To conserve materials and save money, avoid overbuilding and design on 4-ft. modules.
Synopsis: This is an introduction to the Optimum Value Engineered house, a method of framing devised in the 1970s to reduce waste of construction materials. The author, director of industrial engineering on the project, explains the approach and introduces such ideas as economical corner framing and the use of plywood headers.
Back in January 1973, the National Association of Home Builders’ (NAHB) Research Center was commissioned by the Department of Housing and Urban Development (HUD) to devise a cost-effective framing system. I was the director of industrial engineering on that project, and what came out of it was the Optimum Value Engineered (OVE) house.
Optimum Value Engineered house
OVE is like a streamlined version of conventional wood framing. NAHB took a long, hard look at waste—materials that added nothing to the strength, durability or marketability of stickframed houses. The OVE house was built without superfluous materials. With less material to put into the house, there was less work to do, so money was saved on both materials and labor.
The OVE house proved to be safe, marketable and inexpensive: everything HUD wanted in 1973. Nowadays, with the environment getting almost as much attention as the economy, DVE makes even better sense. Because the system reduces the amount of lumber products in a house, it conserves natural resources.
Most builders, regardless of production volume and price of their homes, will find the OVE approach to framing easy to incorporate. Many builders throughout the country have already instituted many of the lumber- and plywood-savings methods prescribed by OVE. Most OVE methods are accepted by the major model building codes, but you should check with your local building officials before trying these methods.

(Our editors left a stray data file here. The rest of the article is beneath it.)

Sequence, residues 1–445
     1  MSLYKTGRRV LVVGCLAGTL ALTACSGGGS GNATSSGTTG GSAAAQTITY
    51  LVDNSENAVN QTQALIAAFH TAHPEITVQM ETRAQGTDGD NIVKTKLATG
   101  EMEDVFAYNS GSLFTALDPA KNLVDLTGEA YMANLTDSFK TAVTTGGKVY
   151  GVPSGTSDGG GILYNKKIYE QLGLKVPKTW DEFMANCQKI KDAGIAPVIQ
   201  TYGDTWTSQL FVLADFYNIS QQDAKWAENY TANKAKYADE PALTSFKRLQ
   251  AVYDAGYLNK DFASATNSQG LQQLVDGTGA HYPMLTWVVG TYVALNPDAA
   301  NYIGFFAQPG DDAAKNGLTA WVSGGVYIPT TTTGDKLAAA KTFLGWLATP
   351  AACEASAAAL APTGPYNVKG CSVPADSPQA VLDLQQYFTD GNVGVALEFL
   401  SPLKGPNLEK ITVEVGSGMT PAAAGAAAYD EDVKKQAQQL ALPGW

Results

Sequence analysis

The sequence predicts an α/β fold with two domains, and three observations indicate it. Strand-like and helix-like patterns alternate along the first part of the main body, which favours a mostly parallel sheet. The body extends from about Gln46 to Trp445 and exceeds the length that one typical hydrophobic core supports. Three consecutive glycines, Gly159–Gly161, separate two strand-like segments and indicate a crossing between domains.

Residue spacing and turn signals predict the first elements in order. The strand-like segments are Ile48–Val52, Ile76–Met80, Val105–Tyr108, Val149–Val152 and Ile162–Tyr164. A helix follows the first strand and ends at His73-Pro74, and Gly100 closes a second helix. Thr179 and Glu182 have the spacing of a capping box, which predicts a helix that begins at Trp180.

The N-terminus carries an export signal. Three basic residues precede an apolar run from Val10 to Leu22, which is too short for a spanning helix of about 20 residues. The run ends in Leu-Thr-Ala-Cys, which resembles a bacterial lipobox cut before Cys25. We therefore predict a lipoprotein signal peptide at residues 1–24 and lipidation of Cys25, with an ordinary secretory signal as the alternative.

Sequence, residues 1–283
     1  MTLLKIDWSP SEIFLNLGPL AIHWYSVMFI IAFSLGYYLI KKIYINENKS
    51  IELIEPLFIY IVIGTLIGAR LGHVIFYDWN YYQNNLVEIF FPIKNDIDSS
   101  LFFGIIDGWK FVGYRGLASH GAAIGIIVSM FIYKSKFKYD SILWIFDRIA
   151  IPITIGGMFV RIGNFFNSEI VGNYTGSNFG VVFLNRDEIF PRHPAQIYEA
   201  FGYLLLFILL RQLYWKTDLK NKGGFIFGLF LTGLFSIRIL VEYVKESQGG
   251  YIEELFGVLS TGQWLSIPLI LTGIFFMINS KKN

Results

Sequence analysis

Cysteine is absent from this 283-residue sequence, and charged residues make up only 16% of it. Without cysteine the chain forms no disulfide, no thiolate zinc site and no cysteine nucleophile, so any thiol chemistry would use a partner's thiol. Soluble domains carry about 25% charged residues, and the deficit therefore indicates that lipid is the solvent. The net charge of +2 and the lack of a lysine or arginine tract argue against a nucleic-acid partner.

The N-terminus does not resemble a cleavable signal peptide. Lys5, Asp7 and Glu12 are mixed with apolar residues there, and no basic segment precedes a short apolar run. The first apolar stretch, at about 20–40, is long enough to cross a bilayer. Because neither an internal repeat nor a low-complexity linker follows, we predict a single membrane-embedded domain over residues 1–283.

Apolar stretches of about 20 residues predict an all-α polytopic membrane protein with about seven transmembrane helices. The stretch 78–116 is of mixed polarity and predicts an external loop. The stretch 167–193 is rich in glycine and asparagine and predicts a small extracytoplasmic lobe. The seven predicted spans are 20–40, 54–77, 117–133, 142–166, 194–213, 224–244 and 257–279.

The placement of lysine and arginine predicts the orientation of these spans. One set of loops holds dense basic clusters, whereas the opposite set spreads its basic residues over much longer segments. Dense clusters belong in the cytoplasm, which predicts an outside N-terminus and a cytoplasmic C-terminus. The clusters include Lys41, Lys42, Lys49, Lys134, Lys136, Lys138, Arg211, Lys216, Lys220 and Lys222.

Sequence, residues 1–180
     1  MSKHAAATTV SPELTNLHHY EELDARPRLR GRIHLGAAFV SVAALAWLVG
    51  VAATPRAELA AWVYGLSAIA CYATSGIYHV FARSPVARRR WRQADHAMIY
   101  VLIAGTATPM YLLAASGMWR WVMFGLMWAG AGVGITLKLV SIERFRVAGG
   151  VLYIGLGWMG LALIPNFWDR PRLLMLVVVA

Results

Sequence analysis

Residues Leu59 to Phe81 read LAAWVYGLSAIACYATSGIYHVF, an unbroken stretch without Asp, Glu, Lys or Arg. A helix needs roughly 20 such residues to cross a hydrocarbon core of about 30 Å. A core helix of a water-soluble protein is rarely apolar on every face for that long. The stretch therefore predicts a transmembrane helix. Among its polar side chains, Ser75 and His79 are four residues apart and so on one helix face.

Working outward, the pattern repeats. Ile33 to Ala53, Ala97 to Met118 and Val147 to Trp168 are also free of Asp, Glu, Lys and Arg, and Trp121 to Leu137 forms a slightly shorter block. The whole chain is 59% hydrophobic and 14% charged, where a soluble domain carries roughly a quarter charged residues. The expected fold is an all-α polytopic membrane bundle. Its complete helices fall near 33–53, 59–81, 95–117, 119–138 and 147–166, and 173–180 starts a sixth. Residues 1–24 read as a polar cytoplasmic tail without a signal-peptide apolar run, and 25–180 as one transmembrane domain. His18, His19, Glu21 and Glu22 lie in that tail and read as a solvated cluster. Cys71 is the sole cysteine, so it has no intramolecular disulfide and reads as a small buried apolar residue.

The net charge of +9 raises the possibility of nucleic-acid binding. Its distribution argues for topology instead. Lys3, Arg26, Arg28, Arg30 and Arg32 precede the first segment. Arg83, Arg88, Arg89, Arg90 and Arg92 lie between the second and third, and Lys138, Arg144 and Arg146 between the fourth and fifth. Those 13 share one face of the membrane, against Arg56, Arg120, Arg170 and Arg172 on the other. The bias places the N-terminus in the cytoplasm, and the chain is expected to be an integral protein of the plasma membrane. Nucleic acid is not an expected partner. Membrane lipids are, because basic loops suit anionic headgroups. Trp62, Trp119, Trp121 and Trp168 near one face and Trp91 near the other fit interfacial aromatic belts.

If you want to give OVE a try, start with design. A cost-effective floor plan has the most floor area enclosed by the least amount of exterior wall. For example, say you’ve got two homes, both of them with 1,200 sq. ft. of floor area. The first home has a 20-ft. by 60-ft. floor plan, so it’s got 160 lineal ft. of exterior wall. The second home has a 30-ft. by 40-ft. plan; it’s got 140 lineal ft. of exterior wall: 20 ft. less wall enclosing the same amount of floor area.
When designing a house, the goal should be to keep the floor-to-wall ratio as high as possible. In the example, the first home has a 7.5:1 floor-towall ratio; the second has a 8.5:1 ratio.
Lumber and sheet products—plywood, oriented strand board, particleboard, gypsum wallboard, etc.—are produced in 2-ft. increments. Minor adjustments on the plans can make more efficient use of lumber and sheet products, reducing waste and eliminating framing members.
The most cost-effective design places all exterior walls and as many interior walls as possible at 4-ft increments, or modules. This major module is divided into minor modules of 2 ft. This scale matches the width of most construction sheet materials and standard lumber lengths, thereby eliminating cutting labor and reducing scrap. Consider a wall that’s 22 ft. 9 in. long. This wall takes just as much plate lumber and sheathing to build as a 24-ft. long wall (remember, lumber products are produced in 2-ft. increments). However, the shorter wall creates almost 4 ft. of scrap plate lumber and over 9 sq. ft. of scrap sheathing. In addition, at least one stud bay will be narrow, making the insulation contractor cut a batt to fit. The longer wall actually costs less to build.
Traditionally, roofs have been designed without much consideration for sizes of framing members and plywood sheathing. Plans are drawn for 4-in-12, 6-in-12 and 6-in-12 pitches without weighing the effect on efficient use of lumber and plywood. But there’s nothing magical about whole-number roof pitches. Consider drawing a roof-sheathing layout that takes maximum advantage of the 4-ft. by 8-ft. dimensions of plywood and let the pitch fall where it may. This roof design eliminates plywood and lumber scrap plus the associated labor for cutting.
For photos and more on reducing excess lumber in walls, click the View PDF button below.